By John Seelenbinder Agilent Marketing Manager, Mobile Measurement FTIR Products
Polymeric materials or products made from polymers must be correctly labeled, meet specification, and perform as intended. However, the ability to determine polymer suitability is complicated by the large variety of formulations, as well as ever-increasing numbers of global manufacturers and distributors.
FTIR (Fourier transform infrared spectroscopy) is a sensitive and specific molecular analysis method, well-suited to the positive identification of polymers, plastics, elastomers, composites, and coatings. With FTIR, you can verify the identity of a material, detect counterfeits, ensure that overall quality and formulation specifications are met, and measure the presence of additives. In this article, we look at three demonstrations of the value of FTIR for polymer analysis, taken from a wide range of Agilent Application Notes.
Figure 1. Agilent MicroLab software shows the spectrum and identity of the unknown sample, together with the spectrum of its best library match.
Rapidly and positively identify materials
Various classes of polymeric materials have similar structure, but small deliberate changes in the formulation cause these compounds to have different use and wear properties. FTIR is particularly useful for positive identification of these advanced materials. The recent availability of Agilent handheld and portable FTIR analyzers has added a new dimension to the analysis of polymers, plastics, elastomers, and composites.
Figure 1 shows how you can use the Agilent 4300 Handheld FTIR to identify waste polymer material from electronics equipment. After measuring the unknown sample, Agilent MicroLab Mobile FTIR software automatically searches the on-board spectral database for the best match. It displays the spectrum and identity of the unknown sample, along with the spectrum of its best library match and a numerical value that reflects the quality of the match. Full details of this application are freely available in Agilent publication 5991-4122EN.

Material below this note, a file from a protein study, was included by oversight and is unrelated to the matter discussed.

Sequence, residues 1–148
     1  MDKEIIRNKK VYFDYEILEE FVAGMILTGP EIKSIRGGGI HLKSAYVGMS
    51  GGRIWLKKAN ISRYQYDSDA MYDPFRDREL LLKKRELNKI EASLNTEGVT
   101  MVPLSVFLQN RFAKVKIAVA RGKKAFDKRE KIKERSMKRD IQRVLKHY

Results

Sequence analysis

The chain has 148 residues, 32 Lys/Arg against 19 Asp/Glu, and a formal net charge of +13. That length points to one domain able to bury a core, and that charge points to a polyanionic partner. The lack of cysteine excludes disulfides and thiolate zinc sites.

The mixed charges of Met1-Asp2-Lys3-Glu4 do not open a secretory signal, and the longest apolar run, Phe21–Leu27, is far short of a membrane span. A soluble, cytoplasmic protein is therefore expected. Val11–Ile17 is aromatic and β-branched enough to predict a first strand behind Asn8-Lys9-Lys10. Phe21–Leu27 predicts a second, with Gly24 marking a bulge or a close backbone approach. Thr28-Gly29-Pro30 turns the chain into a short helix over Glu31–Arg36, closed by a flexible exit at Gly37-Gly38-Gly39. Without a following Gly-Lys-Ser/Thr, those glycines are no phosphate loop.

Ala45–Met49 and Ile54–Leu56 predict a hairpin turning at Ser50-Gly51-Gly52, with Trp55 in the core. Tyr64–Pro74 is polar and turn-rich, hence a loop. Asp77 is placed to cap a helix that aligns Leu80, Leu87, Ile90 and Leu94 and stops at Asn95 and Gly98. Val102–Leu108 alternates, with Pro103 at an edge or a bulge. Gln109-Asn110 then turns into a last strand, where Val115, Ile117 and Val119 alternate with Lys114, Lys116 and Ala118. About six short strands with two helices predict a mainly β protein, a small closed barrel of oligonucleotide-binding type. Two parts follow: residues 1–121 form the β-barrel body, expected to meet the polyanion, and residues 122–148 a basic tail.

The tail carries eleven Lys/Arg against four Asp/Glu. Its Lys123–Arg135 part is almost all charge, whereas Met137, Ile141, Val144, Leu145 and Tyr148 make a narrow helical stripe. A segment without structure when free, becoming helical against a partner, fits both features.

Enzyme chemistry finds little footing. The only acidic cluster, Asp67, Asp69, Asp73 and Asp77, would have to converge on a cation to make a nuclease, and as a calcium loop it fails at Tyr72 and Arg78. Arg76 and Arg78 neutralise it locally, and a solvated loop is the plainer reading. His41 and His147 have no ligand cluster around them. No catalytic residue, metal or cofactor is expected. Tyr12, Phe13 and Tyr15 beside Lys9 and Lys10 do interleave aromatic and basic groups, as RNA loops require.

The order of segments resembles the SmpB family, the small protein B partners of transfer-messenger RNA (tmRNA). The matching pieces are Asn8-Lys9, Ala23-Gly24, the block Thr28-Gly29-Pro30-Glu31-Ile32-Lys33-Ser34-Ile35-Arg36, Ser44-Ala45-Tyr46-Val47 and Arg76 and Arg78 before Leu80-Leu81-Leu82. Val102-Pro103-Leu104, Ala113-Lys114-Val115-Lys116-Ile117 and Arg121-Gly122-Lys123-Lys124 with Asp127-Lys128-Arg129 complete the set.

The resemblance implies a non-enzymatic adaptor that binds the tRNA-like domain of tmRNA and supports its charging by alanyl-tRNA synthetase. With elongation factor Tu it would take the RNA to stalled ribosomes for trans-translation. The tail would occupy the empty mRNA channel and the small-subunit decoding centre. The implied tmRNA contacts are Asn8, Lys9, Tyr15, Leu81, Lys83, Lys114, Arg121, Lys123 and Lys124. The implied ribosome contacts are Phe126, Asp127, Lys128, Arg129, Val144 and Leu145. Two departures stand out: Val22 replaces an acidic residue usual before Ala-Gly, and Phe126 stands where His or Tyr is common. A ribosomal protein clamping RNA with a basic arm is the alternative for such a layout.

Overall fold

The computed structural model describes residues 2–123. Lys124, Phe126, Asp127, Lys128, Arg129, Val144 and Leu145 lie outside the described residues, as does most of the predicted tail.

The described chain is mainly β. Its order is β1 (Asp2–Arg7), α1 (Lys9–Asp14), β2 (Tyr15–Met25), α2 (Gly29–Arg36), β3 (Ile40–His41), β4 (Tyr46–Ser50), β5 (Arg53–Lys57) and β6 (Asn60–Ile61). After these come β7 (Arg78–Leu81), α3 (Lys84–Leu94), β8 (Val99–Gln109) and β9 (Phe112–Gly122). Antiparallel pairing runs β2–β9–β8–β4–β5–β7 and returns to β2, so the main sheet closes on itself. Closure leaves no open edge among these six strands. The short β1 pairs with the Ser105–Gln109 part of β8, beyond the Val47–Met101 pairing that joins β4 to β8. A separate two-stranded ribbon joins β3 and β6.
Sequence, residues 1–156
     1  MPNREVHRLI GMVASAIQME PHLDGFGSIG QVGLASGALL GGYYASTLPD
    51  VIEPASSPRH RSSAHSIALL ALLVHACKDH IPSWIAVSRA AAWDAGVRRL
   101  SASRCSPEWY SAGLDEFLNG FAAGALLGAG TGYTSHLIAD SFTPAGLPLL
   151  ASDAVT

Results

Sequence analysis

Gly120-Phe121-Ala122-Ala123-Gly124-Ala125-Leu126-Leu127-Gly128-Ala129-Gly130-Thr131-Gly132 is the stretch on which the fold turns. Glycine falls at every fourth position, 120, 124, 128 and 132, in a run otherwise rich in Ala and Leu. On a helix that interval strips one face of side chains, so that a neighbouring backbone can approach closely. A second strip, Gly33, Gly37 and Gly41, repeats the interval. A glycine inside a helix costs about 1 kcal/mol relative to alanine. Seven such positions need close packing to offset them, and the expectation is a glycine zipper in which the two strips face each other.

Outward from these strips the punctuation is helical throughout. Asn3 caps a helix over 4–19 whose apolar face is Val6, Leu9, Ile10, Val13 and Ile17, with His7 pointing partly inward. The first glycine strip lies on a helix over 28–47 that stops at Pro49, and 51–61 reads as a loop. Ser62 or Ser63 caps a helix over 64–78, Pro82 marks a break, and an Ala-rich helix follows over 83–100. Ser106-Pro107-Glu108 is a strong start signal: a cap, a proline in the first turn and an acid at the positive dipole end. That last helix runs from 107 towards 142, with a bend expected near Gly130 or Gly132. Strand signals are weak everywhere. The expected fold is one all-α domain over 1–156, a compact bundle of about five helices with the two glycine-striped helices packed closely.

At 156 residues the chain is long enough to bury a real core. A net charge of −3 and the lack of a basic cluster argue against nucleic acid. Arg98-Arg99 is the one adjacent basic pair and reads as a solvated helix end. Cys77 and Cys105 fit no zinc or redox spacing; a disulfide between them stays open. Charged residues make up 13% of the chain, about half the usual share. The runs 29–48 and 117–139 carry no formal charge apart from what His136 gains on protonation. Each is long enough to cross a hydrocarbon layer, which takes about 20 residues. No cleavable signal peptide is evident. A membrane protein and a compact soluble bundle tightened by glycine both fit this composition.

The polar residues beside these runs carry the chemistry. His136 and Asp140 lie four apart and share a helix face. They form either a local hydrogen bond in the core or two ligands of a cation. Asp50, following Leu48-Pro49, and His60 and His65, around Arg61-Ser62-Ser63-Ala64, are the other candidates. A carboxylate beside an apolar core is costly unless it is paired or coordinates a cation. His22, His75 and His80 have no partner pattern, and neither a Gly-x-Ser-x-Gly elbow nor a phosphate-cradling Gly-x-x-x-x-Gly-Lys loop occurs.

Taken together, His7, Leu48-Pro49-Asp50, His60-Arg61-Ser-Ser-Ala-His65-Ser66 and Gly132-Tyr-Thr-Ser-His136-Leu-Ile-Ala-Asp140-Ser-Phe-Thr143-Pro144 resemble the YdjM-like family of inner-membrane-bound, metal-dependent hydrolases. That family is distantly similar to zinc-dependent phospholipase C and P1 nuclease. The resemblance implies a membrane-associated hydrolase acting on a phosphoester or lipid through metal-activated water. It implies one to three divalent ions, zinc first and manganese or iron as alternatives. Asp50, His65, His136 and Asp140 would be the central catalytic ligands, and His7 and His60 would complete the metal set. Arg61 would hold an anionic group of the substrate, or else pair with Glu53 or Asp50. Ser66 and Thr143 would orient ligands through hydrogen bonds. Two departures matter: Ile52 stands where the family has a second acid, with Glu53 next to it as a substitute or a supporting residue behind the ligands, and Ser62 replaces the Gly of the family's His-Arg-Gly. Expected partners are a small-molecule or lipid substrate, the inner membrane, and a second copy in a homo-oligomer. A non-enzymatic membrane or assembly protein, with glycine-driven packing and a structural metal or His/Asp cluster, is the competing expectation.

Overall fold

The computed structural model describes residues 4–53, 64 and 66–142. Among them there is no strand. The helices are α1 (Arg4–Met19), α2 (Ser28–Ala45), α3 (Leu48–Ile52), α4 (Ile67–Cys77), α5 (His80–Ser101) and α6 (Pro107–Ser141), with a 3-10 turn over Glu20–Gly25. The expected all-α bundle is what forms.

Assess phthalate concentration – with minimal sample preparation
Many common plastic consumer products contain high levels of toxic chemical additives known as phthalates. Phthalates are plasticizers that make plastics more flexible, durable, and softer. Typically, 15 to 30% phthalates are added to a base polymer such as polyvinyl chloride (PVC), vinyl and other widely used polymers. Because no chemical bonds exist between the plasticizer and the polymer, the plasticizers can easily leach out to contaminate the surrounding environment or be ingested by humans.
In the United States, the Consumer Product Safety Commission (CPSC) has developed a standard operating procedure for the measurement of phthalates. It specifies FTIR as an optional prescreen to determine gross phthalate contamination. The CPSC concentration limit – 0.1% each for the six banned phthalates – is based on the individual plasticized parts of a children’s toy or child-care product.
Figure 2. The Agilent 4500a FTIR reveals very high phthalate levels in a toy horse made from plasticized PVC.
You can use Agilent FTIR analyzers and associated calibrated methods to accurately measure levels of phthalates in plastics down to 0.1%. This combination of technology and methodology allows you to rapidly screen large numbers of parts and objects for phthalate content with little or no sample preparation. The self-contained and portable Agilent 4500a FTIR is the primary choice for phthalate screening and plastic identification. Figure 2 shows a typical result from an analysis of a child’s toy. Read more in Agilent publication 5991-3649EN.
The Agilent 4500 Polymer ID Package is a complete analyzer that enables both positive material identification and analysis of phthalate concentrations. This package includes the 4500 instrument, a polymer library, and the calibrated method for measurement of phthalates in PVC plastics. It provides a turnkey, mobile solution for polymer analysis.
Figure 3. The overlaid aliphatic bend region of the FTIR PE-PP blend calibration spectra provides the percent PE in a PE-PP blend.
Measure polymer composition in remote locations
Polyethylene (PE) is the most common group of thermoplastic polymers due to its low cost and versatile physical properties. PE is blended with polypropylene (PP) to improve its physical properties, such as low-temperature impact performance. The composition of these blends influences performance, and the correct mixing of the pure polymers (PE and PP) can eliminate the need for costly synthesis of new block copolymers. Knowledge of the composition of these blends is also critical when you recycle polyolefins in waste and scrap.
In an example taken from Agilent publication 5990-9785EN, we used the Agilent Cary 630 FTIR to examine a PE-PP blend (Figure 3). The quantitative method for percent PE uses a ratio of the methyl 1376 cm-1 (mainly PP) band to the 1462 cm-1 (methyl and methylene bend) band. Although originally designed as a laboratory application, this analysis has been extended for use in factory and remote locations with the Agilent 4500 Series Portable FTIR.